And, I understand that eventually we will have a democrat administration and I still would want the ability to listen in on known threats as soon as possible (ASAP) Does not change my position on the matter.


  7. Big Dog says:

    Let me answer your question Illustrator and clear up a few misconceptions you have. One, It does not matter to me who is the President, warrantless surveillance for national security is legal and they can use it and I won’t say a word. Unless of course the donks censure Bush, then I will demand censure of a donk President who does it. Bill Clinton signed EO 12949 authorizing warrantless physical searches of a person’s home right in the US. Where were you on that one? You make a mistake by presuming I have different standards based on party. That is where you are incorrect. I was the first to say that any Congressman who illegally took Abramoff money needs to go to jail and I said Randy Cunningham should have gotten the maximum sentence. It is you guys on the left who have the double standards.

    As for wiretapping. The fourth amendment contains the words unreasonable searches and the fourth amendment is designed to prevent searches without probable cause in criminal cases. The Katz case was about criminal conduct. I do not know if you read what I wrote but the courts have TIME AND AGAIN, ruled that the President has the authority to conduct warrantless surveillance without a warrant. I do not know what is difficult to understand in that. It is beyond me how you guys on the left can say a woman has the right to kill unborn children and that it is a right protected by the Constitution even though the word abortion does not appear in the document yet you deny the fact that the President has the Constitutional duty to protect the country. It is also amazing that the left believes Roe was decided by a court and therefore untouchable but the courts have ruled the President has this authority and you say it is illegal. That is a double standard. Until a court overturns either decision, they are the law.

    You have continued to remark on criminal cases that deal solely with US citizens. The fact is, national security surveillance is not for criminal intelligence gathering though some of the activity directed against us is criminal behavior. We are trying to learn when people are trying to do us harm. This program involves US citizens who are contacting or being contacted by people outside this country. The courts have ruled that if a US citizen is working with the enemy it makes them a foreign agent. In addition, The FISA authorizes the surveillance of people in other countries and their agents without a warrant. It is in section 1802. Remember, we are talking about foreign agents.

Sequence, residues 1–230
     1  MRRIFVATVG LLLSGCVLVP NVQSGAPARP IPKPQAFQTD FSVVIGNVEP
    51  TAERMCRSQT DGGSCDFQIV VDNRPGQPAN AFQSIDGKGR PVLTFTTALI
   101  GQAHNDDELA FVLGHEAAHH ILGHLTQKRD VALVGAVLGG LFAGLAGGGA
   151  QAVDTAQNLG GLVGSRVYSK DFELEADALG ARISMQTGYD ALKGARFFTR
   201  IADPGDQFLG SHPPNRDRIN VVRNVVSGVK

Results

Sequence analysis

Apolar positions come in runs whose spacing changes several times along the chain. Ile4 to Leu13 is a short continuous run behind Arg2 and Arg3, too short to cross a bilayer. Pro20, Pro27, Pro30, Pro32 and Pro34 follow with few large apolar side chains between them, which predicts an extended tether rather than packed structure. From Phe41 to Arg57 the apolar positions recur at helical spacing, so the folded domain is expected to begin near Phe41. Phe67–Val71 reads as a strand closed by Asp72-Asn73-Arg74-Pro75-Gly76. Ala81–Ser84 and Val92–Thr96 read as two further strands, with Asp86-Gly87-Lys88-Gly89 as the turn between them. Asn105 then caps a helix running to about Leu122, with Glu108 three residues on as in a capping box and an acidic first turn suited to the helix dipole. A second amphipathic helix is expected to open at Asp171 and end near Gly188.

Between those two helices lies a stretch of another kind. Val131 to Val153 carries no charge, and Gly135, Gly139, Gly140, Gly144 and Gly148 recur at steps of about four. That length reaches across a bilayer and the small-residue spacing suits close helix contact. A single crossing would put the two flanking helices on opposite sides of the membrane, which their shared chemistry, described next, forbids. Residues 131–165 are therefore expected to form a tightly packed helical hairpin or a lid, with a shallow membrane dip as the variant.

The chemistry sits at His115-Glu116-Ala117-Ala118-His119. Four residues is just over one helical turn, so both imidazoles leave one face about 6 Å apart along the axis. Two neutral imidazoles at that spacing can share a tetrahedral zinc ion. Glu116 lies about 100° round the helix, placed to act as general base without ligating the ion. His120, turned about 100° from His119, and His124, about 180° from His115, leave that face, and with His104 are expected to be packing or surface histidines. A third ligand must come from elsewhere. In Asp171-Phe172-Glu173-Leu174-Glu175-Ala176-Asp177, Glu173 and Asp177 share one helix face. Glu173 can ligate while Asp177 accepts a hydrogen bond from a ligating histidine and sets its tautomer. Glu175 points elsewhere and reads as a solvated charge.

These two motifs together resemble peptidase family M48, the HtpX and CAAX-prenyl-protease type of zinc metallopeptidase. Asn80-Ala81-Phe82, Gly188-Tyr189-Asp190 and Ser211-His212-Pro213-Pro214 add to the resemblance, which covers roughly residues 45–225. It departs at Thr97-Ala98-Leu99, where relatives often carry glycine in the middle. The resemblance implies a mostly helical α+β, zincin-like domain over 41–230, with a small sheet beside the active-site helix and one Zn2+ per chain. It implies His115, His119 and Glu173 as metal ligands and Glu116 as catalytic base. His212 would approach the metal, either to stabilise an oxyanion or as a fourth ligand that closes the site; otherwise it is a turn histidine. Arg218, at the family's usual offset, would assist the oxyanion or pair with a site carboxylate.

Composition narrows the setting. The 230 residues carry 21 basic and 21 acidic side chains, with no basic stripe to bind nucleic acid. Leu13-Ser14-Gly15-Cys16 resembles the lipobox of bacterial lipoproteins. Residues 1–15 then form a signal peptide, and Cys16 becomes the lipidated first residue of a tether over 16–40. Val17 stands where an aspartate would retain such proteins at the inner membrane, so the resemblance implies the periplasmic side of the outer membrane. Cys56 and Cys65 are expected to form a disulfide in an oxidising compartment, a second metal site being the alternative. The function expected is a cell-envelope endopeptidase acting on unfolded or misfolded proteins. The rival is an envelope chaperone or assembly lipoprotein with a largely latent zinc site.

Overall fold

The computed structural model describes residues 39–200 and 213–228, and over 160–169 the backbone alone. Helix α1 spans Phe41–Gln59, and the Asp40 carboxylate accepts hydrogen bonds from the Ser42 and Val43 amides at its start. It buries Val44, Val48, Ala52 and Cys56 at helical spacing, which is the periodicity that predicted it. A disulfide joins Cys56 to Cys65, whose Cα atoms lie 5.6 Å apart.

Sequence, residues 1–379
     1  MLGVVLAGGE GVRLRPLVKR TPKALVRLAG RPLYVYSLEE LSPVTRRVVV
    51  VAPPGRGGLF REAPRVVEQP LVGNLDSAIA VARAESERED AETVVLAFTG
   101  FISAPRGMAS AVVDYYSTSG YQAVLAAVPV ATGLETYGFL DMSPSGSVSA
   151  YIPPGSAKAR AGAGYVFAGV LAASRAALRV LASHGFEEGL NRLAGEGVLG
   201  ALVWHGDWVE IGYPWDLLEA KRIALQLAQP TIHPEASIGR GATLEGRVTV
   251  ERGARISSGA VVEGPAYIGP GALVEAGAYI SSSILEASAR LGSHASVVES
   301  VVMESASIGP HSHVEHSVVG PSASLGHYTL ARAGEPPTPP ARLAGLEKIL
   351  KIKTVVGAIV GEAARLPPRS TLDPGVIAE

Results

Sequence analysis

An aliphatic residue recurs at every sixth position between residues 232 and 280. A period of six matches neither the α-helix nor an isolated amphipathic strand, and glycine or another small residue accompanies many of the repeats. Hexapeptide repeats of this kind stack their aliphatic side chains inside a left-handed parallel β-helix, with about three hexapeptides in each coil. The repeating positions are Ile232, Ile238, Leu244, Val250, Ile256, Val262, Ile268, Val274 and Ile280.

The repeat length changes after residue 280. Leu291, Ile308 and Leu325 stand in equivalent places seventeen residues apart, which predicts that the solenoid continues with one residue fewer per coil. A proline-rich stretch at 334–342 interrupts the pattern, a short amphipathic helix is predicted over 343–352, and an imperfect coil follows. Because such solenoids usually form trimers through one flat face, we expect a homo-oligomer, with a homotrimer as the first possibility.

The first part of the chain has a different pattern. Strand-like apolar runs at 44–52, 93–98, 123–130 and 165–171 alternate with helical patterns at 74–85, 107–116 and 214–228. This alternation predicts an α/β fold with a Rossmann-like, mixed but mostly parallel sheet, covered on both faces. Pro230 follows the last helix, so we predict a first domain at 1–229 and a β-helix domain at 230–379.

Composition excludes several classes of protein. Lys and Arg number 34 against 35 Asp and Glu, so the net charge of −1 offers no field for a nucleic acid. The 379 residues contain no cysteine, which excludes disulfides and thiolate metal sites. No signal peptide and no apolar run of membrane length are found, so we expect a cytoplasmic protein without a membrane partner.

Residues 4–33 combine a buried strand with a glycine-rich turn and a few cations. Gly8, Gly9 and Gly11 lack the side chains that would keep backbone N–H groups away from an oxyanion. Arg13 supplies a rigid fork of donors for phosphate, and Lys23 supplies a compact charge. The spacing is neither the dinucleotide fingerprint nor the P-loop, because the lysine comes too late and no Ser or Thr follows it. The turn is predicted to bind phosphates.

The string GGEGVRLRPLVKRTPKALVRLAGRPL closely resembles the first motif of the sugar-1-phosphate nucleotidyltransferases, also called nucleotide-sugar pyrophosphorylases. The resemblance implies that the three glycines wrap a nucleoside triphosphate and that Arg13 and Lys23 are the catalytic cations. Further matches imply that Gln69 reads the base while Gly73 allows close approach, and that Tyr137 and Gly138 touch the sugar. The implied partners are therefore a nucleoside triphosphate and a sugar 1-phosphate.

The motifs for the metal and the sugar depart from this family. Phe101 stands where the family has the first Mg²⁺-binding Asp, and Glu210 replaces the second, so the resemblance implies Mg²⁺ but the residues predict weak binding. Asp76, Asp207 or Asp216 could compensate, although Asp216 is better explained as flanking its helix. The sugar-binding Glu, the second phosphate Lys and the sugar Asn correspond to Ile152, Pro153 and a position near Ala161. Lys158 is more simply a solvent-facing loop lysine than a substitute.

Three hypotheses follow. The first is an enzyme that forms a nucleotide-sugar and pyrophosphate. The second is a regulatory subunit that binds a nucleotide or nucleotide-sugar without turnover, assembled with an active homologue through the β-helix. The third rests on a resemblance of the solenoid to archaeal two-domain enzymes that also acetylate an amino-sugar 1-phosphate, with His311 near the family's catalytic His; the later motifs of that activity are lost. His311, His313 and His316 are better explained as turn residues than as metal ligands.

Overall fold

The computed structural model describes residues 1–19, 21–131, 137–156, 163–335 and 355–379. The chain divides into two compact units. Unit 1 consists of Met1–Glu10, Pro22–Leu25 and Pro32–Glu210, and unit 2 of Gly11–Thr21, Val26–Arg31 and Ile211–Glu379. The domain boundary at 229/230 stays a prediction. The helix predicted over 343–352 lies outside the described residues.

It was nice of you to comment and I appreciate that. I will not believe that this is illegal because you say that it is. The courts have said it is not and until they change that, it is legal. End of story.

  8. Big Dog says:

    Illustrator, I forgot to add that you need to read more carefully. My excerpt was from:

    It referenced the Indianapolis case. It generally helps to read the links to get the full context of a quote.

    So to answer your question, no I did not base this on a ruling by an Indy court I based it on a ruling by the FISA court. Seems they might know a bit more about this and they said INHERENT.

    Hope that cleared it up.

  9. Feingold is censuring the President because Bush performed DOMESTIC warrantless wiretaps. No one is arguing that it is illegal to do warrantless foreign wiretaps. The FISA law is in place so that the President MUST get court authority to wiretap on American soil. The President broke the law.

  10. Big Dog says:

    Unfortunately, Nonneed, the facts seem to get in the way. The first thing to remember is there is a difference between surveillance for criminal activity and surveillance for national security.

    The President authorized the surveillance against those who might be compromising national security. The domestic part only deals with when both parties are in the US. The fact that one was not makes it foreign surveillance and since those people were talking with foreign agents it made them agents of a foreign entity.

    The law is pretty clear about that and the fact is, the court said it was allowed. Feingold can not even get the support of his party. While that is politically motivated (they are worried about losing) it just shows how unpopular the idea is.